Pearce Series 2010 round 4 – Rhyd-y-Felin (Bala)
With all the Leogang World Cup hoola last weekend I missed this Rhyd-y-Felin race report, so here it is:
Pearce Series 2010 round 4 – Rhyd-y-Felin (Bala)
Another dry one! Almost.
Round 4 of the Pearce Series lands at Rhyd-y-Felin, or Bala, whichever. This time you are in the trusty hands of Will Gough. Take it away Will.
Bala... dry weekend number four? Not many would of put money on it, yet despite none of the Pearce faithful having to race in the rain this year the near impossible happened! Early Saturday morning saw the sun starting to break through, and a bigger than usual presence on the camp site due to the slightly more remote location of this battle ground for the latest round of the Midland series. By the time the Saturday morning course walkers had been up to varying levels of the track, the ground conditions were perfect and blue sky was starting to dominate the epic scenery. The Rhyd-y-Felin track is a little bit of a legend, and a massive highlight of the Pearce series. The private track has a big draw, and saw a very slightly different but still packed field of racers. Some new names to upset the podiums perhaps? The next couple of days would answer all.
Seb Frost chesty cam.
Coming into the waiting area for uplift saw a bit of a longer wait than usual to get to the top of the hill, the uplift still ruthlessly efficient with only the extra time to get to the top slowing lap times. I doubt many would have needed a lot more punishment at the hands of the demanding track by the end of play on Saturday, although I’m quite sure that if the uplift had run until dark, there still would have been a queue of people hooked on the Bala drug. It can be a tricky balance between learning the track and killing yourself to death on the day before race day, especially at a track that very few have had the chance to ride since last year’s Midland champs.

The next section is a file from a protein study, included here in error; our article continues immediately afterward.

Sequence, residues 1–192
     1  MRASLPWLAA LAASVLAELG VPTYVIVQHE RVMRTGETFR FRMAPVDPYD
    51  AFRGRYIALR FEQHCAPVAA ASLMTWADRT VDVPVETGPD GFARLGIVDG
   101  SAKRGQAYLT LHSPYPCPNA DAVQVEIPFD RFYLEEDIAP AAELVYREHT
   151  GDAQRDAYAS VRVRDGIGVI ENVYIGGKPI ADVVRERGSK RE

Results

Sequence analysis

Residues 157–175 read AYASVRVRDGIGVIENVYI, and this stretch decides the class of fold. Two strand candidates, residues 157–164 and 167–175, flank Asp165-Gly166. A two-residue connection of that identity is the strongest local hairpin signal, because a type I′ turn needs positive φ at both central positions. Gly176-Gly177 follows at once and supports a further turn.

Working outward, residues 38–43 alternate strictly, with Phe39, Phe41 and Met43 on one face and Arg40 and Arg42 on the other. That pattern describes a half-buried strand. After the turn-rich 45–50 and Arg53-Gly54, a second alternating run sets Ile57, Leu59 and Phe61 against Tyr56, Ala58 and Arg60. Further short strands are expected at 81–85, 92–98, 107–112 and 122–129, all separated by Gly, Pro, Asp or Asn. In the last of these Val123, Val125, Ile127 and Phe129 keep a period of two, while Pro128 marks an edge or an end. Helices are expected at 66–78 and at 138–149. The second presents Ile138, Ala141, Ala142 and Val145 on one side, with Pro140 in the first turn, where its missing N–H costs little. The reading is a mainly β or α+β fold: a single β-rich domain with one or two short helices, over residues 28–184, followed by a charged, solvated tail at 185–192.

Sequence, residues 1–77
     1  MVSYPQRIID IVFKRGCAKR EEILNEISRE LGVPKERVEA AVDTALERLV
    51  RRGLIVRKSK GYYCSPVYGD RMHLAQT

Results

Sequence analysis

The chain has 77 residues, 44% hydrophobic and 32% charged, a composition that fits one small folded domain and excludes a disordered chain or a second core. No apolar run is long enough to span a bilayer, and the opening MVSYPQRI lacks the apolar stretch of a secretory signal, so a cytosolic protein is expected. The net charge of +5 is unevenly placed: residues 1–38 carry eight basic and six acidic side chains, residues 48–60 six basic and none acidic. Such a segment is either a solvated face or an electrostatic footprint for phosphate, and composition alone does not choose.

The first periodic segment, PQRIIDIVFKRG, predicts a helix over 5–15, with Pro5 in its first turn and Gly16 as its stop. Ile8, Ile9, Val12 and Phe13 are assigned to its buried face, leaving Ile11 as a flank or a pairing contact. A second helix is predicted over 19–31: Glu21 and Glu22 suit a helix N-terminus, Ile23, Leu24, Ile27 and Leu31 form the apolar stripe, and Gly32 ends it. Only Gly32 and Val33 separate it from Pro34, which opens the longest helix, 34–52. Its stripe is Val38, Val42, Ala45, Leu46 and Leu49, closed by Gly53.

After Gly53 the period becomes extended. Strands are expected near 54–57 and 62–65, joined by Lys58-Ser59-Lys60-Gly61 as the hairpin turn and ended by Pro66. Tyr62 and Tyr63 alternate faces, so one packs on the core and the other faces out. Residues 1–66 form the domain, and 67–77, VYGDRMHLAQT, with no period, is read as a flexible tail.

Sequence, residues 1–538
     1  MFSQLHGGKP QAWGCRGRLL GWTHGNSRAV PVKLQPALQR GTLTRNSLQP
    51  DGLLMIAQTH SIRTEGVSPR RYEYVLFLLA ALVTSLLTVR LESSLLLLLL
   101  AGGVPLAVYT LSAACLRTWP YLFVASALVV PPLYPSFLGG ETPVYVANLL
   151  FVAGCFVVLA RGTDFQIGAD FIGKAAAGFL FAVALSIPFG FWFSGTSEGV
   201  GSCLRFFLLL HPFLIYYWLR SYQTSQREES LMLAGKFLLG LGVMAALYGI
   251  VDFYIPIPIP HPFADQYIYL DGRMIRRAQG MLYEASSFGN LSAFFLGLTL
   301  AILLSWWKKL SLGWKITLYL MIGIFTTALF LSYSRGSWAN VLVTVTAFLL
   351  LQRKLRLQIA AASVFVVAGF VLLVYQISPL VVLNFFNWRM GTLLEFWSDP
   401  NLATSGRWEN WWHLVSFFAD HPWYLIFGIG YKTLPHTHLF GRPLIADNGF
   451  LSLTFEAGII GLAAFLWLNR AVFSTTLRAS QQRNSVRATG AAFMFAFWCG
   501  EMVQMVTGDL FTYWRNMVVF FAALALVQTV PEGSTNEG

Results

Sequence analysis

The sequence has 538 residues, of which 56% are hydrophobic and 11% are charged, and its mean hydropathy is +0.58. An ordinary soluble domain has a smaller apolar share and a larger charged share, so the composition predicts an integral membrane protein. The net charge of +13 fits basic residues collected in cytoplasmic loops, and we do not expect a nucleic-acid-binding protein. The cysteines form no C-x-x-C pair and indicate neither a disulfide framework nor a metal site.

http://mpora.com/videos/bvMdybEiu 2010-06-12 - Chestcam - Pearce Cycles @ Rhyd-y-Felin ("Bala") >>
Once dropped off by your trusty uplift vehicle there was a short push and ride up to the top of the course, take a few seconds to catch your breath, wait for a suitable slot, and then start your pedalling down the fast wide track ahead. By the time the wide line into the first bus stopped is reached, most were already on the brakes trying to scrub off some of those extra pedal strokes that were put in to ensure things looked good from the off. Nip round the first bus stop and drop down on to the wide track and it’s already time for the next. Once round that, your first taste of Bala speed. A pretty straight run down to a dive off to the left is plenty enough time to gather up pace. Diving in with as little braking as you dare leads to a fast curve, a kicker on the right for the straight line but that would lose all important braking time for some. The next fast left gave view to the first major line choice; to carve further left then right on to the fire road crossing, or cut the corner, sending it off a natural lip to clear the rock and small step-down. Once that decision was over the fire road was crossed and it was time for more speed!